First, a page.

Listen to the KunstlerCast podcast #212: Health & Technology Update. James Howard Kunstler gives listeners an update on his recent health issues, and discusses the importance of advocating for oneself when dealing with medical professionals, rather than taking their word for it.
Keyboard Waffles. (But if they were REAL nerds, they would have spelled nerd’s correctly!)
My favorite new blog: Grammarly, Continue reading August Rambling: Punctuation, Crowdfunding
Last year, I came across this Kickstarter project, We Are Many – a feature length documentary film “about the never-before-told story of the biggest protest in history, on 15 February 2003, and its legacy, through the Arab Spring to the Occupy Movement. The day that saw an estimated 30 million people in over 700 cities around the world, gave birth to a new global social movement.”
I was compelled to participate because I was there Continue reading @15Feb2003 – We Are Many
Vernon Supreme for President. Just one of about four dozen candidates on the New Hampshire ballot.
From here: “When Steve Jobs died…, deification from the media and inconsolable consumers made gripes about Apple’s use of sweatshops seem like the cynical mumblings of contrarians. The problem is that there’s plenty of documentation and reporting that supports the criticism.” See also this: “Mike Daisey was a self-described ‘worshipper in the cult of Mac.’ Then he saw some photos from a new iPhone, taken by workers at the factory where it was made. Mike wondered: Who makes all my crap? He traveled to China to find out.”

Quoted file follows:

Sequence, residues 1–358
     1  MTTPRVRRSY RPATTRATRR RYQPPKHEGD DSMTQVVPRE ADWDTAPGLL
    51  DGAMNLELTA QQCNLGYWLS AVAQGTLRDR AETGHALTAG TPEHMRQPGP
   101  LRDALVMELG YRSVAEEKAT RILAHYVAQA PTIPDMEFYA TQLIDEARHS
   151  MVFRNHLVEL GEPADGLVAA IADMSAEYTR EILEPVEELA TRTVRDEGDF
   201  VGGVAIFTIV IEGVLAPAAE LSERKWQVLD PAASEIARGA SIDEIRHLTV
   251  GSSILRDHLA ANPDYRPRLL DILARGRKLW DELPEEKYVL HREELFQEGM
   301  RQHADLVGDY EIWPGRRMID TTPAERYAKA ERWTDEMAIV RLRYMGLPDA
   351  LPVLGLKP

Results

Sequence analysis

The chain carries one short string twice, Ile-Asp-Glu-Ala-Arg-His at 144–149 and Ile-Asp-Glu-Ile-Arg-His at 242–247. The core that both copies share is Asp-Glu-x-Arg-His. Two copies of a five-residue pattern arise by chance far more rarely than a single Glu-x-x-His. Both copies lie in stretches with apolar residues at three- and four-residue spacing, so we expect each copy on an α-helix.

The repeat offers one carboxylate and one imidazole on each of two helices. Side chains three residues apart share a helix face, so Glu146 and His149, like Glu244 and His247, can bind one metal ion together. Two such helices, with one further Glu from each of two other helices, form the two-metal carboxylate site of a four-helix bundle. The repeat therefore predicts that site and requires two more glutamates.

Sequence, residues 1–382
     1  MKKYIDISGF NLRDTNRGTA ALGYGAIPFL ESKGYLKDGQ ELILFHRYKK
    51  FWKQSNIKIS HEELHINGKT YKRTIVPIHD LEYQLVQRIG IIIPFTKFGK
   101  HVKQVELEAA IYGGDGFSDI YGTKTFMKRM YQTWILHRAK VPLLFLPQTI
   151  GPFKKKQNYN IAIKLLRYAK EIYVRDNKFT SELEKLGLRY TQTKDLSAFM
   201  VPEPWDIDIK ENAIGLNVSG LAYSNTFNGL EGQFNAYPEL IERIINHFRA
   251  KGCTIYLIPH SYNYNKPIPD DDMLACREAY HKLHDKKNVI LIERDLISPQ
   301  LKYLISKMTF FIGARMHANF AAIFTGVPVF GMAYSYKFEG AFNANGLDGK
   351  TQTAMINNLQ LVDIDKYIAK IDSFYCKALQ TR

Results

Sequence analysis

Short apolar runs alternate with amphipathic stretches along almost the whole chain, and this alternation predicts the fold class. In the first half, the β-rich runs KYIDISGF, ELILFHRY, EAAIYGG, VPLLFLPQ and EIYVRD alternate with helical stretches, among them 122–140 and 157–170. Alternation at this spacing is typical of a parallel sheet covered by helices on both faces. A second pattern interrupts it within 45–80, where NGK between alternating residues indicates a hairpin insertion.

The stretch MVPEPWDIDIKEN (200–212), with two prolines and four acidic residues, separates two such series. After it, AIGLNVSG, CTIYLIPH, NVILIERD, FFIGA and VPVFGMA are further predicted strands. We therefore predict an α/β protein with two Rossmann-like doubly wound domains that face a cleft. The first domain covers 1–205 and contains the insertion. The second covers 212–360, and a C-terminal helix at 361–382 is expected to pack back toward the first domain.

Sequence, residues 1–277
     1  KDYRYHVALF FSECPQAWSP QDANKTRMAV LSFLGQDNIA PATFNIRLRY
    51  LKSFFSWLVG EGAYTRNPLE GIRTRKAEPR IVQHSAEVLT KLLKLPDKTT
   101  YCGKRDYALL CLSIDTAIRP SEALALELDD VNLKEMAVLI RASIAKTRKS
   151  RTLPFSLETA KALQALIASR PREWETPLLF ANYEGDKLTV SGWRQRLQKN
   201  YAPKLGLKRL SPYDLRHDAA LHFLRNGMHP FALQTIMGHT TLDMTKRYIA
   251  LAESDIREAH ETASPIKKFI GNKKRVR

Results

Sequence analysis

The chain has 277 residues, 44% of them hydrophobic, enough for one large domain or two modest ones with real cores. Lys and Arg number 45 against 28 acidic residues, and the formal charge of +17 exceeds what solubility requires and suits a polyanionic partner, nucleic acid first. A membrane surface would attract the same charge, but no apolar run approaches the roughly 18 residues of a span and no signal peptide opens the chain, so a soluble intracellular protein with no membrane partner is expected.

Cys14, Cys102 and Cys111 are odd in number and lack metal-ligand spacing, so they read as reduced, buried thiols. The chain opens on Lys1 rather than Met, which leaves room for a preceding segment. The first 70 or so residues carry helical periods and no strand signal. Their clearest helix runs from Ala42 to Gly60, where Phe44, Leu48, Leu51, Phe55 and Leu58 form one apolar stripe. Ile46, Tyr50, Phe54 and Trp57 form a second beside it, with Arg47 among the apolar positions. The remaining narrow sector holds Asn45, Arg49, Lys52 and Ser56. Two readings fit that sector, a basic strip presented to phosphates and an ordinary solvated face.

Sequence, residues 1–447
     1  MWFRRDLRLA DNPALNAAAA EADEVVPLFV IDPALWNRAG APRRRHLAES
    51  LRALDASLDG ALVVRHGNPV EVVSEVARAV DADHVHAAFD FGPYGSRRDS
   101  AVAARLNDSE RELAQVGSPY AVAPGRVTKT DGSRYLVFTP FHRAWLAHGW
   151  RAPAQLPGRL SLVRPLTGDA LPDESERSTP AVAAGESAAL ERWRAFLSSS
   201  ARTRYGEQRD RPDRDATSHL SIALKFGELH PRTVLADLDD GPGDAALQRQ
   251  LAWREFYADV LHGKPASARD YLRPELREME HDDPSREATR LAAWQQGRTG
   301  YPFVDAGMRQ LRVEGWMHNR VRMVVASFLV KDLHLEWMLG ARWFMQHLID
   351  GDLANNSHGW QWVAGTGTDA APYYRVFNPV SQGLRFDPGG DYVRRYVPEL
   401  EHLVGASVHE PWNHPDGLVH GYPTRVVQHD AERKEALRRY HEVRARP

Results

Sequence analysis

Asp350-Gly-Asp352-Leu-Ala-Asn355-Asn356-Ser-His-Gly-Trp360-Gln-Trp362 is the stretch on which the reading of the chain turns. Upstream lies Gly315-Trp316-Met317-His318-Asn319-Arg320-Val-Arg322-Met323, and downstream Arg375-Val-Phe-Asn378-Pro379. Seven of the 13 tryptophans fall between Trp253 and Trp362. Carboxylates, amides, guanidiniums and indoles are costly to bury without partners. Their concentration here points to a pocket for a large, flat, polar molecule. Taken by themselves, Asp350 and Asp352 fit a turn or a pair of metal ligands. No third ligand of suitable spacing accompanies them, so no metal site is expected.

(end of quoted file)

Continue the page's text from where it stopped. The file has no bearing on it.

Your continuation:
Rich Kids For Romney.
Continue reading January Rambling: sweatshops, Steve Bissette and singing
I’ve become a big fan of Kickstarter, which prides itself as “A new way to Fund & Follow Creativity.” The very first project, actually, was this from this obscure (to me) record label: Help Polyvinyl Save 10,000 Records From Destruction. “We clear out space, we don’t have to destroy great records, and you get the opportunity to get some awesome music from the likes of Aloha, of Montreal, Mates of State, Joan of Arc, Mike Kinsella, Rainer Maria, and many more,” a total of $26 CDs for $50; wotta deal!
Since then, I’ve backed about a dozen projects, all involving music, film, and/or comics (strips or books), except one. Continue reading Kickstarter rules
Photo: (C) Jon Crispin
I have this peculiar fascination with old suitcases. Well, not just any old suitcases, but suitcases that once held the worldly possessions of the people residing at the Willard Asylum in Ovid, NY in Seneca County. I remember a large article in Metroland about the New York State Museum’s 2004 exhibit “Lost Cases, Recovered Lives: Suitcases from a State Hospital Attic”, curated by Darby Penney and Peter Stastny.
Then recently, I was looking at my weekly Kickstarter e-mail, and I noted the highlighted Willard Asylum Suitcase Documentation: a photography project in Albany, NY by Jon Crispin. So I e-mailed him, and he called me back. Continue reading Willard Asylum Suitcase Documentation
Here I am with my good buddy Walter, who works at one of the SBDC centers. Shortly after this picture was taken, I started having trouble with my knee. Walter’s been having trouble with HIS leg, and I called him to tell him that, whatever he has, it’s contagious!
An ad hominem argument is any that attempts to counter another’s claims or conclusions by attacking the person, rather than addressing the argument itself.
Why Supreme Court Justice Clarence Thomas Must Go, which, as a couple commenters note, does not go far enough. And another article re Thomas.
Japan Earthquake Swarm Google Earth Animation. And controversy over Surviving an Earthquake.
The Pink Triangle: Never forget.
I used Twitter more often last week than in the previous six months combined, mostly keeping track of our state legislature. Here’s my favorite tweet Continue reading June Rambling